I didn’t know I ever would want a game in which J. Jonah Jameson frustratingly tries to livestream from the Daily Bugle or the frog version of Thor rallies to save his amphibious friends until I played Lego Marvel Superheroes 2.
As a sequel to the 2013 hit Marvel game, Lego Marvel Superheroes 2 doubles down on the zanier elements of the long-running comic imprint to offer a rollicking, swashbuckling adventure.
This time around, classic Avengers villain Kang the Conquerer (wonderfully brought to life by The Tick‘s Peter Serafinowicz) has used his time-travelling abilities to pluck different places throughout history to create his own new world to rule — Chronopolis. While the first Lego Marvel Superheroes featured a New York-centric open world, Chronopolis is a mish-mash of 17 different time-displaced Marvel Comics locations.
TT Games uses the time travel conceit to great effect here, offering settings that range from the more prominent, like Manhattan, Agent Egypt, Guardians of the Galaxy’s Nowhere and Black Panther’s Wakanda, to the deeper cuts, such as a Spider-Man Noir-inspired New York City, Iron Fist’s K’un L’un and The Inhumans’ Attilan. While none of theses areas on their own are particularly large, together they create an open-world that feels very diverse and engaging.
What you’re actually doing here, however, is quite similar to previous Lego games — for better or worse. The game features the same brick-smashing, stud-collecting, simple puzzle-solving gameplay that’s been a staple of the series since the original Lego Star Wars in 2005. It’s serviceable, for sure, but it can feel quite dated at times.
Where the Lego games have always most excelled, though, is in delivering infectious amounts of charm, and Marvel Superheroes 2 is no exception. Longtime Marvel comics writer Kurt Busiek is credited with the writing here, and it shows throughout the game. Each character oozes personality thanks to witty dialogue, lively animation and often hilarious special abilities.
As in previous games, a lot of these heroes and villains are unlockable through replaying levels to enter previously inaccessible areas, completing sidequests in the open world or purchasing them with Studs or Bricks in Gwenpool’s shop. With over 100 characters in the game, there’s a nice incentive to keep on playing. Time travel abilities can also be used to alter certain characters at will, such as letting Groot shift between his baby and adult forms or Spider-Man swap between his ‘2099’ and ‘Noir’ versions.
In addition to skewing heavily towards the Marvel Cinematic Universe films (The Avengers, Guardians of the Galaxy, Spider-Man and Doctor Strange), the roster also features newer Marvel Comics characters, with Ms. Marvel (Kamala Khan) and Gwenpool being the two standouts. Kamala uses her “embiggening” powers to create oversized fists, glide like a kit and contort herself into a ball, among other delightfully comic book-esque moves. In cutscenes, meanwhile, she often fangirls over meeting older, more established heroes, as she is wont to do in the comics. Gwenpool on the other hand serves as this game’s Deadpool — a boisterous fourth-wall breaking narrator who also serves as a vendor for additional content.
TT Games has also included some truly quirky obscure characters, like Iron Duck (Howard the Duck wearing Iron Man armour), Hit-Monkey (an assassin that’s actually a simian) and Spider-Ham (an alternate dimension wall-crawler, also known as Peter Porker).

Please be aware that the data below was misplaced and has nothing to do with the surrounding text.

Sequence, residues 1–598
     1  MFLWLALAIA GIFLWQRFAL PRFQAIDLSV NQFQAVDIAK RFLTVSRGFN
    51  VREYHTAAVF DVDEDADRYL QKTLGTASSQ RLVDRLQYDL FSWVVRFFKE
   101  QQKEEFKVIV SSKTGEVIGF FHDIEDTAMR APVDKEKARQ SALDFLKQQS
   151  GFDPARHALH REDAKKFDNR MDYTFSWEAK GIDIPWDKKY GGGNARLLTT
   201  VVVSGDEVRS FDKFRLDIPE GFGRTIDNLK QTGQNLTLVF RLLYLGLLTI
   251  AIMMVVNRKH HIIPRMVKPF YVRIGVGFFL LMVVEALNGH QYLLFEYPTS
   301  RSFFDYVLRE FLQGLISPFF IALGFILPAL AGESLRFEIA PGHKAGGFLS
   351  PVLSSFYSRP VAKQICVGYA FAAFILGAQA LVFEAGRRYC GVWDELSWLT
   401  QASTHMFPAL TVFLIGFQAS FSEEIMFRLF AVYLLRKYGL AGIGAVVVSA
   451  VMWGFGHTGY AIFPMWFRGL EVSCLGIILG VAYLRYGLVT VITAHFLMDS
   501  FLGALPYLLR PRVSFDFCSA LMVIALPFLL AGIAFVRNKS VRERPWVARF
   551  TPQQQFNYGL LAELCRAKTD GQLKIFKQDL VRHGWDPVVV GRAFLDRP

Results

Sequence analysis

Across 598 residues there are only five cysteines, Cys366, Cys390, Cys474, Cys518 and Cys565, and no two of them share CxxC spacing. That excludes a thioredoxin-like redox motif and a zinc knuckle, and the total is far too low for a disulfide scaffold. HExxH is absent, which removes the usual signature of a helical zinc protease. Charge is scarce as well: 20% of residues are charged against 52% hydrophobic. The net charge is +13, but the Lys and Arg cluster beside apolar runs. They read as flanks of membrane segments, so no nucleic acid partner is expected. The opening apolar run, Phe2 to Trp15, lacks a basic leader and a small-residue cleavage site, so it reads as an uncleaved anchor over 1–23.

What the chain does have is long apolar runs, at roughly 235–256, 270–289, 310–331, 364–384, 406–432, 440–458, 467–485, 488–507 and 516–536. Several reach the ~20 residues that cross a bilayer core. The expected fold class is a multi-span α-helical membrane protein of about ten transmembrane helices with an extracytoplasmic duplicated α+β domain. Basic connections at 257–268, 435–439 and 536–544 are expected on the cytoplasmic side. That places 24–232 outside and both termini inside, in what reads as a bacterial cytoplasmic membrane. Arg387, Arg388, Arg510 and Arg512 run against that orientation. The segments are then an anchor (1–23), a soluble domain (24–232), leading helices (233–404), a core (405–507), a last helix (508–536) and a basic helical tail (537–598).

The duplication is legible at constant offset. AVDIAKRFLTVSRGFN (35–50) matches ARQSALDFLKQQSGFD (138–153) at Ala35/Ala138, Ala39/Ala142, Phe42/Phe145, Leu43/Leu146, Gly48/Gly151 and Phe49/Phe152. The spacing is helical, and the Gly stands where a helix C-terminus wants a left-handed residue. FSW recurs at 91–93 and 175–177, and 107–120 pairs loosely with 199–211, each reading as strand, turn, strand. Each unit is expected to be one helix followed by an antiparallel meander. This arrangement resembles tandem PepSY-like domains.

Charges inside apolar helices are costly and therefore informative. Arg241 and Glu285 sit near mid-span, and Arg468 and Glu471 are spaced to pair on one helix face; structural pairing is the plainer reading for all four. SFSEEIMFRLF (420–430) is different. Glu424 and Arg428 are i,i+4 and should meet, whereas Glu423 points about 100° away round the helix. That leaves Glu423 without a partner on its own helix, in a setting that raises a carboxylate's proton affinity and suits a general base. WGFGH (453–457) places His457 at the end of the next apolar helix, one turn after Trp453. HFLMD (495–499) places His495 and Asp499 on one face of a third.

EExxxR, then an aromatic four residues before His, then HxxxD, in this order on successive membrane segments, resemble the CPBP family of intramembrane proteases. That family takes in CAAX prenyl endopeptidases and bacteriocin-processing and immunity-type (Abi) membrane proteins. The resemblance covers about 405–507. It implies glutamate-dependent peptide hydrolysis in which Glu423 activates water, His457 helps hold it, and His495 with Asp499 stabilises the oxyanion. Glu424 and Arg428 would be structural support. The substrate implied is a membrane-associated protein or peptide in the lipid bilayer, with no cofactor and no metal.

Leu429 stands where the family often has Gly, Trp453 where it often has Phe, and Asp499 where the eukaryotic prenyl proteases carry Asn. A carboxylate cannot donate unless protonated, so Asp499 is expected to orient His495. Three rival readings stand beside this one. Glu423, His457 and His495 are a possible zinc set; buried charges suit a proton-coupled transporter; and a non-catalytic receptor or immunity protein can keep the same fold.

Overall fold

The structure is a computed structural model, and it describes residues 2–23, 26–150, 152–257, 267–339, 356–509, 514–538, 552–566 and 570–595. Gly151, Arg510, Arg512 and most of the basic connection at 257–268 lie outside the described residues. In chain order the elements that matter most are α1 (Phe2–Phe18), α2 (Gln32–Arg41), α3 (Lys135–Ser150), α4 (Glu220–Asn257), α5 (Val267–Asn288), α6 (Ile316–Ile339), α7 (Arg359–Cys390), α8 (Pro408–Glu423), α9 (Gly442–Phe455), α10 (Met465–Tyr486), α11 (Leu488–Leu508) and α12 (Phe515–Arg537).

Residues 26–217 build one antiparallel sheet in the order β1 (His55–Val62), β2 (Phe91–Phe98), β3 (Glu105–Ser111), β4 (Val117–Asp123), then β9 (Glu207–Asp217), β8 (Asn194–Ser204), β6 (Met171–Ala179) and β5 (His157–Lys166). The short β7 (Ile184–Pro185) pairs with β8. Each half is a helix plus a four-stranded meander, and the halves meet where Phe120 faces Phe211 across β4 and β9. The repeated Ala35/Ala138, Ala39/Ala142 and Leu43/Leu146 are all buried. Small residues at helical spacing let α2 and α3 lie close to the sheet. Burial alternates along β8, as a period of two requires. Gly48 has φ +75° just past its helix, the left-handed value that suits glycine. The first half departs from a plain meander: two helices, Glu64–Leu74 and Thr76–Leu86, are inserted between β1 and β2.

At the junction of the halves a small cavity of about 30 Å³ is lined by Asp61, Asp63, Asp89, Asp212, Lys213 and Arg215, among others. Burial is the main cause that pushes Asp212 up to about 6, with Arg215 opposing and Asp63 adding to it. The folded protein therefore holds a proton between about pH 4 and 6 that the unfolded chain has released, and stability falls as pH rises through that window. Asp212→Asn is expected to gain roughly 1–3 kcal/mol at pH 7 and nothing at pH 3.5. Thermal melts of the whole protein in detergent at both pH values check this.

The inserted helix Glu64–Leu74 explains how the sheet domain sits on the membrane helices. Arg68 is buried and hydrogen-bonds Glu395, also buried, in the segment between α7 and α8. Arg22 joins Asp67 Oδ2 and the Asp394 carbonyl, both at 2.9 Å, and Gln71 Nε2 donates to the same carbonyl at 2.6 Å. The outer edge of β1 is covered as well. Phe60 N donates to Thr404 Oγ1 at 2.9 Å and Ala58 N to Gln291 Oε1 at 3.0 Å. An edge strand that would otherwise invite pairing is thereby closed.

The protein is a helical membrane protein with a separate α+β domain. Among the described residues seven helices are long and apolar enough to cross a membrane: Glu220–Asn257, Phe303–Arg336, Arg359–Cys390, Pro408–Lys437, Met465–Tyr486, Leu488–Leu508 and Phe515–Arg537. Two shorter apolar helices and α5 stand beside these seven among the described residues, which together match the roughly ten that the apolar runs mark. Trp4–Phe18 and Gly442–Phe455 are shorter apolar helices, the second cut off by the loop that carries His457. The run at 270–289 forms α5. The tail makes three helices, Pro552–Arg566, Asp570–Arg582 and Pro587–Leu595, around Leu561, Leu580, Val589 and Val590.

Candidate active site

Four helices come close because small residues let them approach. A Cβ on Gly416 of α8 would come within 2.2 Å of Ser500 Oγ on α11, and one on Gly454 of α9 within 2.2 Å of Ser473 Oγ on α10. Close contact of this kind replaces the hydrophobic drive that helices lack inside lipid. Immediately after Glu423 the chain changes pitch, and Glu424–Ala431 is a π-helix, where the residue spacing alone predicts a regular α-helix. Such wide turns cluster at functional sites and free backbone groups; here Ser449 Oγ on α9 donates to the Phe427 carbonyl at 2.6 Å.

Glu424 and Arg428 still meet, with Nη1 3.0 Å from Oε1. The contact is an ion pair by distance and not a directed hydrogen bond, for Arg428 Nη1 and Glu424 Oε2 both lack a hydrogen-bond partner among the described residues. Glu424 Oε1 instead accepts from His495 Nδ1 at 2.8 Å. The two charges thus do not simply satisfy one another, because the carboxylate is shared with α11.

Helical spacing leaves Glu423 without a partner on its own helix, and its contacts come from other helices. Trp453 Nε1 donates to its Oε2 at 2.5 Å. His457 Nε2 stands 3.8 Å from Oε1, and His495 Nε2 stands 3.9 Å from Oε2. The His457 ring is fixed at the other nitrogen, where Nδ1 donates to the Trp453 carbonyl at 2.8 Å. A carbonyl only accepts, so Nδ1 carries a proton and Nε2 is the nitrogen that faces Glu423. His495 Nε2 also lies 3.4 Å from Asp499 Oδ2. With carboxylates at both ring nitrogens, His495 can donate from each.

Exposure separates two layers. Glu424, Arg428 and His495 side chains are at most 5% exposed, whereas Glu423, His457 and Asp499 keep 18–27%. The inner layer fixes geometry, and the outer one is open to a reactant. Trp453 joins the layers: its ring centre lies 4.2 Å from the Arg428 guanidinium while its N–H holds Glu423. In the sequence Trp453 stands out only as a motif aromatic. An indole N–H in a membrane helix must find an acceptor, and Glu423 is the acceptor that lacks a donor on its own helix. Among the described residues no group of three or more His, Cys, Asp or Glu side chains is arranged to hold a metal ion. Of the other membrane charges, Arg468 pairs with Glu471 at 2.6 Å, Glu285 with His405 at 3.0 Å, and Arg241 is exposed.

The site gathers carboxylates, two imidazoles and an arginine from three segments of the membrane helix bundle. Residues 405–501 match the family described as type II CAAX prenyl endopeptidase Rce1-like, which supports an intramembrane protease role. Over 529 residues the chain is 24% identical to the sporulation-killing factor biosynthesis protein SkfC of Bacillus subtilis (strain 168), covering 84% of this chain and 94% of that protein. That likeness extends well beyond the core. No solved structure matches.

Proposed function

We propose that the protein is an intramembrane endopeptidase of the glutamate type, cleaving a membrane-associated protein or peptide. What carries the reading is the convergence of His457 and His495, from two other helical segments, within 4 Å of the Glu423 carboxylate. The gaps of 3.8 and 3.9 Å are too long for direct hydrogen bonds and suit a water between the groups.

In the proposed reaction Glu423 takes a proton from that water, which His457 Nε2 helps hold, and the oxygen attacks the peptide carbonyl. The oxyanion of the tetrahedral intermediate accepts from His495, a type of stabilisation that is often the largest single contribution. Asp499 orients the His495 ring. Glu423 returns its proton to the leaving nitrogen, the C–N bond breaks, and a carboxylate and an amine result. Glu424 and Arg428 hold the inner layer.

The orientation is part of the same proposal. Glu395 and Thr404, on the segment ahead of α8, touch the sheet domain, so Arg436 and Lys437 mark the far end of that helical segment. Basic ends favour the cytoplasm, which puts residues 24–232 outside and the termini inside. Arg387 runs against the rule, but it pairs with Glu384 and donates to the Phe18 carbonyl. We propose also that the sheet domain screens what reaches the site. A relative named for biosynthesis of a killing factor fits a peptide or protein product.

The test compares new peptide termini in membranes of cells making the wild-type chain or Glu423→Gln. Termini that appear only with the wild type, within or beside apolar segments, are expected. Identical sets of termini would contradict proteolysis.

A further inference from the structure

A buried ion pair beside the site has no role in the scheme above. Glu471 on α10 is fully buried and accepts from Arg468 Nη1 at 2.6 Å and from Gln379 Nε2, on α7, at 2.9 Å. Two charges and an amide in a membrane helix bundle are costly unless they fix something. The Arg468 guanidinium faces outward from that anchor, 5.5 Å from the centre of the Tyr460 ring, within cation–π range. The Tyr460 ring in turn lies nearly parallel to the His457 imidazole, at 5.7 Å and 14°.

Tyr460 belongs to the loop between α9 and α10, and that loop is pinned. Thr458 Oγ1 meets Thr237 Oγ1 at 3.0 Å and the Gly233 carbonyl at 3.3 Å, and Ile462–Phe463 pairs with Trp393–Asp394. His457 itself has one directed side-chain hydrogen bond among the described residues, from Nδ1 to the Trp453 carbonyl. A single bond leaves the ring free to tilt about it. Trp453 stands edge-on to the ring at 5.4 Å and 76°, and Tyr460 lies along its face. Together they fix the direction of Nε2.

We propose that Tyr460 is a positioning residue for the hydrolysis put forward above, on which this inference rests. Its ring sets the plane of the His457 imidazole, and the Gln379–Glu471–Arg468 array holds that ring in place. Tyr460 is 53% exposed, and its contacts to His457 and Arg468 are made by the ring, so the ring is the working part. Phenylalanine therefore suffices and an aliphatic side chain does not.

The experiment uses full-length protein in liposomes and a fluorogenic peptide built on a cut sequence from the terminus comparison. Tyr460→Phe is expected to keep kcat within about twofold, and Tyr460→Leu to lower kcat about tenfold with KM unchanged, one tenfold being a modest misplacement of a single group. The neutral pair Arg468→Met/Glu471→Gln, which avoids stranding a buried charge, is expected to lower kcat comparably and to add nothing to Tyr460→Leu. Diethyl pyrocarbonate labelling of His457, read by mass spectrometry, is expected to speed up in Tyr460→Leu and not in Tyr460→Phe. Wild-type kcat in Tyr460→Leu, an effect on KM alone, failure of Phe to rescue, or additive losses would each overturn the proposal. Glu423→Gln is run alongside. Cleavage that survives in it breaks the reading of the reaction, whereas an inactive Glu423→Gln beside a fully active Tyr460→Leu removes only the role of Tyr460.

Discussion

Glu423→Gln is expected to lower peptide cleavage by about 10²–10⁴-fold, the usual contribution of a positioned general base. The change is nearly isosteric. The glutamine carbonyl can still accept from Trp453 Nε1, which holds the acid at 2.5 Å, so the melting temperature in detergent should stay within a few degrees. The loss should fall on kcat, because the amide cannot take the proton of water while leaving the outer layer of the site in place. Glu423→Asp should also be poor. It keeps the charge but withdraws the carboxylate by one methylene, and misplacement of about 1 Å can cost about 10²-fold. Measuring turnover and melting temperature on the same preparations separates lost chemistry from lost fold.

The highlight character of the game, though, is most certainly Star-Lord. The scrappy hero’s special move has him putting on his headphones and jamming out to music on his signature Walkman in a brilliant homage to the opening of Guardians of the Galaxy. What’s more, TT Games even got the license to two of the songs featured in the films, meaning any time Star-Lord uses this ability, short clips will play from either “Come and Get Your Love” by Redbone or ELO’s “Mr. Blue Sky.” Non-player characters will also become distracted by the rhythm, letting Star-Lord shoot them while dancing about.
However, as was the case with Marvel vs. Capcom: Infinite, there are few glaring major character omissions here — namely, the Fantastic Four and X-Men. The first Lego Marvel Superheroes game featured these teams prominently in both the story and side missions, so to have them completely absent here feels like a step back in a mega-crossover sequel such as this. This is undoubtedly the unfortunate result of a long-running pettiness between Marvel and Fox over the latter’s film rights to these characters. Hopefully, this will be one of the last games to feature this ridiculous limitation, given Marvel parent company Disney’s recent acquisition of 21st Century Fox’s entertainment assets.
Beyond gripes over missing characters, I did also experience some technical issues during my time with the game. Frame rate can dip at times, while audio levels also suddenly drop at times. Moreover, a few glitches reared their head at times, with the most glaring being a boss frozen mid-fight, forcing me to restart the level. For the most part, though, the game is quite polished and plays smoothly.
In many ways, Lego Marvel Superheroes 2 is the perfect game to play in the quieter, post-holiday period of gaming. With few major AAA releases slated for a little while, lighter, easy pick-up-and-play fare like this really is ideal. While it’s missing some key characters and could have used more gameplay variety, Lego Marvel Superheroes 2 is a highly entertaining game that lovingly brings the Marvel universe to life.
Lego Marvel Superheroes 2 is now available on PlayStation 4 (reviewed), Xbox One, Nintendo Switch and PC.
Image credit: Lego/Warner Bros.